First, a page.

Thursday, March 1, 2012

Orchid Laelio-Cattleya embroidery design

Orchid Laelio-Cattleya

An embroidered velvet panel in the Vic-
toria and Albert Museum, belonging to the
early years of the sixteenth century, differs in
character from any other embroideries of the
period yet described. The ground is of plain
crimson velvet, with a figure of St. Catherine
of Alexandria in regal costume, elaborately
worked in silks and gold and silver thread.
She stands on a patch of earth, holding a
book, and resting her left hand on the pommel
of a sword. Behind her is the prostrate form
of the Emperor Maximin, under whom she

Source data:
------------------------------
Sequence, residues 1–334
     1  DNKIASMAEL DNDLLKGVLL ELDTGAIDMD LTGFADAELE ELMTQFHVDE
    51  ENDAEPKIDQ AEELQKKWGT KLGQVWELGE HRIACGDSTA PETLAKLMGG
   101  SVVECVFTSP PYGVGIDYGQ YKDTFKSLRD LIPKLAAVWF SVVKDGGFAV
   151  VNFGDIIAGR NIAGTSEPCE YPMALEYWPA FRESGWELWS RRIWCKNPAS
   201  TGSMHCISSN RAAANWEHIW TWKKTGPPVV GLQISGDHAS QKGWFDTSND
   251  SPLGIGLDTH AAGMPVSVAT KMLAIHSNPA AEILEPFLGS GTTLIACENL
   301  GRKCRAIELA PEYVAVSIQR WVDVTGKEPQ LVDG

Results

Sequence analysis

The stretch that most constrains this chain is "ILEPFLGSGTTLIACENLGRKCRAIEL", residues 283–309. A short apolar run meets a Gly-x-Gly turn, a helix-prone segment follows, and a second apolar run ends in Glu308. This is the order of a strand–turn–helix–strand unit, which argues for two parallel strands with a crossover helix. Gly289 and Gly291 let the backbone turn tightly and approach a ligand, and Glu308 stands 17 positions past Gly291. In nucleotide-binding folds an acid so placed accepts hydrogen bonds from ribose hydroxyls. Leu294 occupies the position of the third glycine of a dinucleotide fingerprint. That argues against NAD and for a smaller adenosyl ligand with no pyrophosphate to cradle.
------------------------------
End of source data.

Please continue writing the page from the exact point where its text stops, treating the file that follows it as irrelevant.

suffered martyrdom.

One more example is mentioned here on
account of the unusual way in which it has
been preserved. In the British Museum
there is an English manuscript book of the
fourteenth century, known as Queen Mary's
Psalter. Each side of the crimson velvet
binding is embroidered with a large floral
device of the form commonly found on
vestments of the early Tudor period. It is
evident that these scraps at one time formed
part of a cope or chasuble.

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